In the “Cost of Discipleship” Dietrich Bonhoeffer wrote “Cheap grace is grace without discipleship, grace without the cross, grace without Jesus Christ, living and incarnate.” (p. 47) Cheap grace means living without the demand of obedience. In practice, where there is no call for obedience, then all things are tolerated. Nothing can be sinful. There is no clear right or wrong. John calls us to obey the commands that God gave us (2:3) is the basis for assurance.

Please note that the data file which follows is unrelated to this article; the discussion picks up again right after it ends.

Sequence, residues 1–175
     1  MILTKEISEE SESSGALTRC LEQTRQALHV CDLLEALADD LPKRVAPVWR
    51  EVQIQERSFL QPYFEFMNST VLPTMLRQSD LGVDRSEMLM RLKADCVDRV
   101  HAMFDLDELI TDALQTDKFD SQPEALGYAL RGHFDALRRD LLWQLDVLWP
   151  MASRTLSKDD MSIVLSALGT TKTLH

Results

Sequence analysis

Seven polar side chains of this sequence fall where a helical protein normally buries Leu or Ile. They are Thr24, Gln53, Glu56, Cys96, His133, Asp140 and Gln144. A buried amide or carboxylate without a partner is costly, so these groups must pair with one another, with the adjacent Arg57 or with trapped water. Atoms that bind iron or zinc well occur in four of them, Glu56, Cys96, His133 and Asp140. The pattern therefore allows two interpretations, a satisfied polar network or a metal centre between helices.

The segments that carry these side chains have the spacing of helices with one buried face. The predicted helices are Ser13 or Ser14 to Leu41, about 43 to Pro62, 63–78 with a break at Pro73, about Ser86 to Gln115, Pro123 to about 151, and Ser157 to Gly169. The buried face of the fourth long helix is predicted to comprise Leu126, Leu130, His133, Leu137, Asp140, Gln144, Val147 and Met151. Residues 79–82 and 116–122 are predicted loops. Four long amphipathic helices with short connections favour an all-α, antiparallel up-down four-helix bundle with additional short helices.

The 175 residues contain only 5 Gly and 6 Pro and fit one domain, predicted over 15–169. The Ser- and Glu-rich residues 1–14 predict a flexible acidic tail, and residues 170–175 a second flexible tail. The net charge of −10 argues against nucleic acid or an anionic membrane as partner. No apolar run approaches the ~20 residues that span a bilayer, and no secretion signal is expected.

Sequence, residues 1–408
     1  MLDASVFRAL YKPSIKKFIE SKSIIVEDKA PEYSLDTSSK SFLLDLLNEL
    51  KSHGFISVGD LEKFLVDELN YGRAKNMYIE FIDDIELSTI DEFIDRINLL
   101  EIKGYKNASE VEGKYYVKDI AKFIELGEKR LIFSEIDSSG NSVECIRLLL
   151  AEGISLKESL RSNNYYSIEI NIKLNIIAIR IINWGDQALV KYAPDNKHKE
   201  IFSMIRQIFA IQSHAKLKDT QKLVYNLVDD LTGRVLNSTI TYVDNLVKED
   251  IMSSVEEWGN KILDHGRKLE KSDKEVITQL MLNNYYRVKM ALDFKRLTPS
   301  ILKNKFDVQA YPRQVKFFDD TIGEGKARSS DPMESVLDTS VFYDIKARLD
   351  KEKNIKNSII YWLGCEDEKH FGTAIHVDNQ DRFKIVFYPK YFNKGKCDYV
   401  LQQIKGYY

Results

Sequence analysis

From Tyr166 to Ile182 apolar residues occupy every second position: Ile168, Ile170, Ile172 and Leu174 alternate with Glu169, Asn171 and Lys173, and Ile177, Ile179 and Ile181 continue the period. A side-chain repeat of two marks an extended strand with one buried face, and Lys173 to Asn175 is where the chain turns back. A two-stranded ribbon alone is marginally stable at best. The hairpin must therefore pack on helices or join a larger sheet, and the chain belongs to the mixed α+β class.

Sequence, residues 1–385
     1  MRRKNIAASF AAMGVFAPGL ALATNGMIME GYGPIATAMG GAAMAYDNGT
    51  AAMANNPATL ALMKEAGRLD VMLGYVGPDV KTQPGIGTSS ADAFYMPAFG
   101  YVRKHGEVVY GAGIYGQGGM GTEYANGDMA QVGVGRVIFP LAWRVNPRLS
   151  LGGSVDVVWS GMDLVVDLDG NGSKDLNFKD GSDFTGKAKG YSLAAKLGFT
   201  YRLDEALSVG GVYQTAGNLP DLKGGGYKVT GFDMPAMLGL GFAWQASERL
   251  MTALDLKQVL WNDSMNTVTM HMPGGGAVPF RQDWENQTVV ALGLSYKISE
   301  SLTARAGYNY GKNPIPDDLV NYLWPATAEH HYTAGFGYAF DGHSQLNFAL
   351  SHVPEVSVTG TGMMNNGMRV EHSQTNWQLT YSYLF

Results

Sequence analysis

In light of what John wrote about human sinfulness and our need for confession, obeying God’s commands does not require perfect obedience. The fact that no one can do this – “to live in Him (one) must walk as Jesus did” doesn’t mean “perfect obedience” but Jesus’ life as a whole – to be consistent in our discipleship and not the individual acts in isolation. For example, checking off a list of do’s and don’ts, or following a set of directions that humans have written. Legalism, takes us back to negating the sacrifice of Jesus’ death and resurrection. Following Jesus means a commitment to who Jesus is and what He asks us to do. This takes us back to Pastor Graham’s sermon on September 9 about what it means to be committed to Jesus as a believer. There is a cost to discipleship. That cost is our willingness to put a higher priority on living as a Christian over that of believing we are Christians. To me, God wants disciples that are willing to put aside our priorities to tend to God’s priorities first and then tend to ours. To me, this is what it means to strive to conform ourselves to the character of God.